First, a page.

Child Abuse SIG

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SIG Description

The Child Abuse Pediatrics SIG provides opportunity for members to meet annually at the PAS meetings. We address cutting edge topics that are relevant to child abuse pediatricians, primary care providers, and other professionals who serve children and adolescents experiencing child maltreatment, sexual assault, family violence, and out of home placement as a result of these traumatic experiences.


Mission/Goals

The Child Abuse Pediatrics SIG goals are to:

  • Provide a forum for APA members to discuss clinical, research and advocacy issues pertaining to child maltreatment and other forms of family violence.
  • Offer an opportunity to network with other professionals with similar interests
  • Introduce other child health professionals to the fields of child maltreatment and family violence.
  • Collaborate with members of other national pediatrics organizations to disseminate information about child abuse pediatrics and evidence based practices.



Links to other organizations



Annual Report

SIG Name: 
Child Abuse and Neglect

Co-chairs: 
Outgoing:

  • Kristine Campbell, University of Utah
  • Cynthia DeLago, Einstein Medical Center


Incoming

  • James Anderst, Children's Mercy Hospital and Clinics, University of Missouri-Kansas City
  • Hiu-Fai Fong, Boston Children's Hospital, Harvard Medical School

SIG purpose/mission:
To provide a forum for child health professionals that supports innovation in prevention, advocacy, policy, research, and education related to the care of children at risk for or impacted by child abuse or neglect.

Current SIG goals:
To provide an annual workshop that inspires participants to walk away with new perspectives on a challenging issue in child abuse pediatrics today.

Annual summary:
The Child Abuse and Neglect Special Interest Group on Saturday, June 6th for our annual workshop at the Pediatric Academic Societies Meeting in San Franciso. 

This year's workshop was titled "Child Abuse Prevention: What CAN We Do?"  We had fantastic speakers to present different perspectives on the role of child abuse pediatricians, educators, and trainees in child abuse prevention efforts.

  • Dr. Cindy DeLago (Einstein Medical Center, Philadelphia) introduced the topic to the attendees by presenting the Haddon Matrix as a tool to help us identify critical moments, actors, and locations for child abuse prevention efforts.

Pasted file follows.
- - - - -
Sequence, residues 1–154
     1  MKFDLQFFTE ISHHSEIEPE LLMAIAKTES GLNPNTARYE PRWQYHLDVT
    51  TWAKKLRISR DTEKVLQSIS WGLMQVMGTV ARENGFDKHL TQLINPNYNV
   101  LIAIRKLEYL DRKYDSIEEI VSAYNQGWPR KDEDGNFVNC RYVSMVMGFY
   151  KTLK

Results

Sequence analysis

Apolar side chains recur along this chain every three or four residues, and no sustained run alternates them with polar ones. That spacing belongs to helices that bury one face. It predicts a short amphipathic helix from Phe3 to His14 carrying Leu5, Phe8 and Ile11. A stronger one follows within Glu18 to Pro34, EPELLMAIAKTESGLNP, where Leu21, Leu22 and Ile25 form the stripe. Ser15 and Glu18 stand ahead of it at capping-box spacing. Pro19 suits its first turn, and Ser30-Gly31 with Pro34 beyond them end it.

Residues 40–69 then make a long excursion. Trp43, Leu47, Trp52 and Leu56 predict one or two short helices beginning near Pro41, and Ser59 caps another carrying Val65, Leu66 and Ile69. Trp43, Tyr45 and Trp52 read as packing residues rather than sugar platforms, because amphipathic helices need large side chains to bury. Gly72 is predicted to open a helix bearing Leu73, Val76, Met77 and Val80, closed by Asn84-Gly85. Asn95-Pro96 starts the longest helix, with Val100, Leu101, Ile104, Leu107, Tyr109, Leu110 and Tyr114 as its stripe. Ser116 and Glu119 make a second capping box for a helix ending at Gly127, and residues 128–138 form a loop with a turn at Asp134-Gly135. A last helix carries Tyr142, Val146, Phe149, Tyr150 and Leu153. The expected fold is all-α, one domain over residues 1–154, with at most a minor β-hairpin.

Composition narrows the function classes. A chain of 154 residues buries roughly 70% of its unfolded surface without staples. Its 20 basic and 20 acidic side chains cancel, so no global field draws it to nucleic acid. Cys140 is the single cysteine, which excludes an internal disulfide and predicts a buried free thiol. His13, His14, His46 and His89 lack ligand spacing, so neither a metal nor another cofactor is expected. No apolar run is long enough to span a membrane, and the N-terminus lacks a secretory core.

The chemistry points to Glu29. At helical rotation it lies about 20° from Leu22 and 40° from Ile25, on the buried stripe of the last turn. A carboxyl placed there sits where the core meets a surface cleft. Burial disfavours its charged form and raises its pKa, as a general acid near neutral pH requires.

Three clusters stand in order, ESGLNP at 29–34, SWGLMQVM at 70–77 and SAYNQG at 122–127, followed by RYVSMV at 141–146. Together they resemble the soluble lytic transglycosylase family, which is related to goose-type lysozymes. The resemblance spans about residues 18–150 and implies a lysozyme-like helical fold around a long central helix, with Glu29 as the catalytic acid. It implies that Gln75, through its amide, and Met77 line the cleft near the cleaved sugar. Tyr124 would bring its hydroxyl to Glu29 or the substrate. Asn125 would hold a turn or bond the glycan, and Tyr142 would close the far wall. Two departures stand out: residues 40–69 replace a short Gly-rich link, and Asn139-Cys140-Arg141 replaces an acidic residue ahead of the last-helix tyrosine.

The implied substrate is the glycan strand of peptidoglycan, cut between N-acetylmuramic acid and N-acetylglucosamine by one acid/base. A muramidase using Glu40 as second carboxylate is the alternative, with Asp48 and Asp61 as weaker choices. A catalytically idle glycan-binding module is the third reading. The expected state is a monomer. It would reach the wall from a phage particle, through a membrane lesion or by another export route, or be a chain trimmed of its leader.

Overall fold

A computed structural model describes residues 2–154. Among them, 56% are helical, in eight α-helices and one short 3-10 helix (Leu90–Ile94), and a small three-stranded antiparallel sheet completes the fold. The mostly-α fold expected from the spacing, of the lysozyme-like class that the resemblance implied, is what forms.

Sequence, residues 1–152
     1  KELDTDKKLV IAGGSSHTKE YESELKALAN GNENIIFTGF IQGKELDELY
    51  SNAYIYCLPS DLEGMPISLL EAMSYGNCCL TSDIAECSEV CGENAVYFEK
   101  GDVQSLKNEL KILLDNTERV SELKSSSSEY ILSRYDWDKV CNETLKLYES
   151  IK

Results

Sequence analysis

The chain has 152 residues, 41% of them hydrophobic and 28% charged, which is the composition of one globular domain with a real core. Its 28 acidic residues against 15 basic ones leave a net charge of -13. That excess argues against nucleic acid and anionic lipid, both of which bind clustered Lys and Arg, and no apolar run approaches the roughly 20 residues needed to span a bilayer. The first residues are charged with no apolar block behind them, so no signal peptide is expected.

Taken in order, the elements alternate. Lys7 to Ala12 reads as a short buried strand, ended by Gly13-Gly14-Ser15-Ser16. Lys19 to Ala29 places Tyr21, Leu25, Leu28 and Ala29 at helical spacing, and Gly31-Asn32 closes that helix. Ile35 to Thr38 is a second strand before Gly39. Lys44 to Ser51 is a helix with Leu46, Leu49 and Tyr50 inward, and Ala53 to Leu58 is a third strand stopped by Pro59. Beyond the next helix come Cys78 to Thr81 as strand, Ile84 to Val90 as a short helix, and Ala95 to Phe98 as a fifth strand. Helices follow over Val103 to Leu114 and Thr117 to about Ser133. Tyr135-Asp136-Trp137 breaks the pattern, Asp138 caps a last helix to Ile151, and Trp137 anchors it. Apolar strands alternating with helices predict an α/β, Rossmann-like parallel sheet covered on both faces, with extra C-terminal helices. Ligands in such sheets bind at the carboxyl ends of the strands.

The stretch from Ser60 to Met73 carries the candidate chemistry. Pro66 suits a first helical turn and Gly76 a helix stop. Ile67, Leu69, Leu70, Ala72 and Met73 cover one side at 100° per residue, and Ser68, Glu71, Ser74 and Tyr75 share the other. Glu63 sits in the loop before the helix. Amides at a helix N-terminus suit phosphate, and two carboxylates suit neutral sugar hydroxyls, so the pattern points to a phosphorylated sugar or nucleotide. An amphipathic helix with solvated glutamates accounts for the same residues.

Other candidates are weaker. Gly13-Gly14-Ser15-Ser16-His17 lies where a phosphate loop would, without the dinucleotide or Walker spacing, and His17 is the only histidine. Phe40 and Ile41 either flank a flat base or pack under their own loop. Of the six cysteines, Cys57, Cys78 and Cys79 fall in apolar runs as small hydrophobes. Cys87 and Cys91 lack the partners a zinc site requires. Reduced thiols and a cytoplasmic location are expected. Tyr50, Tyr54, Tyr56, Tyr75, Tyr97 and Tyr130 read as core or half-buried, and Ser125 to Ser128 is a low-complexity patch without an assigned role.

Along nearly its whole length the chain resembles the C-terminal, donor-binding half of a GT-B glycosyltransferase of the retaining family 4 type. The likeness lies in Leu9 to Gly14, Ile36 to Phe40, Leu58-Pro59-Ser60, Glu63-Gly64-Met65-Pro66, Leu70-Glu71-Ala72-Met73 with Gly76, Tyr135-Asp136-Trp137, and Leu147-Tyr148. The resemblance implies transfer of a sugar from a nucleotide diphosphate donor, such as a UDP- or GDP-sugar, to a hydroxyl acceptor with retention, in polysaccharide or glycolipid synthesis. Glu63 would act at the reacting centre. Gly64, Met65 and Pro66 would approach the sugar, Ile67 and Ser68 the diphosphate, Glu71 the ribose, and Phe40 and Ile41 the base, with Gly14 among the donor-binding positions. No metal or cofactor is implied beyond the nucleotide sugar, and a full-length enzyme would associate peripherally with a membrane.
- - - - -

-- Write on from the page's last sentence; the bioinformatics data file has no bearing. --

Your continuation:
• Dr. Jim Anderst (Children's Mercy, University of Missouri) walked us through the short but incredibly impressive history of Promise 1000, a collaborative Home Visiting program that has "bloomed" in Kansas City.  Through thoughtful and persistent work, Jim and his team identified the potential for collaboration with existing but diverse home visitation programs in their area and have gradually united these groups under a single umbrella of funding, measurement, and accountability that benefits children, families, community partners, clinicians, and researchers in Kansas City.  We were all incredibly impressed.
  • Dr. Mary Moffatt (Children's Mercy, University of Missouri) explored opportunities for and challenges to child abuse prevention training in the context of the Child Abuse Pediatrics fellowship curriculum.  She ran through a wide range of milestones, content specifications, and educational requirements related to child abuse prevention that have been identified for our trainees.  This seemed to be in sharp contrast with little shared experience from fellowship directors in development and implementation of these training experiences.  She reviewed the challenges to providing trainees strong experience with child abuse prevention, highlighting the longitudinal time commitment and the intense community collaboration that is often needed to achieve this goal.
  • Dr. Emily Brown (Seattle Children's Hospital--University of Washington) rounded out of session by presenting her own experience as a CAP fellow committed to child abuse prevention research during her fellowship experience.  Noting that prevention had been a strong motivator in her decision to enter a CAP fellowship, she described experiences with time, funding, and research training that had presented repeated barriers to her efforts.  While her story ends on a positive note, it also reminds us that this is a topic that is important to many of our trainees and needs our attention within that context.
  • Dr. Kris Campbell (Primary Children's Hospital--University of Utah) finished off by asking attendees to divide into groups based on focus (education vs community efforts) and discuss ideas, challenges, and successes with child abuse prevention that we've each experienced.

 
Other groups that work in your area of interest:
While we are not actively working with other SIGs, we see ample opportunity for collaborating around the annual PAS workshop if other groups are interested.

Final words
Thanks to all who participated in our PAS workshop.  If you have any suggestions for topics next year, please contact Jim Anderst (jdanderst@cmh.edu) and Hiu-Fai Fong (hiu-fai.fong@childrens.harvard.edu).  They are taking the CAN SIG flag and marching on to 2018 in Toronto.


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Current SIG Co-Chairs:


James Anderst, MD
628 West 70th Terrace
Kansas City, MO 64113
Phone: (816) 234-3424
jdanderst@cmh.edu

Hiu-fai Fong, MD
21 Autumn St, Room 230.2
Boston, MA 02215
Phone: (617) 413-4963
hiu-fai.fong@childrens.harvard.edu


 

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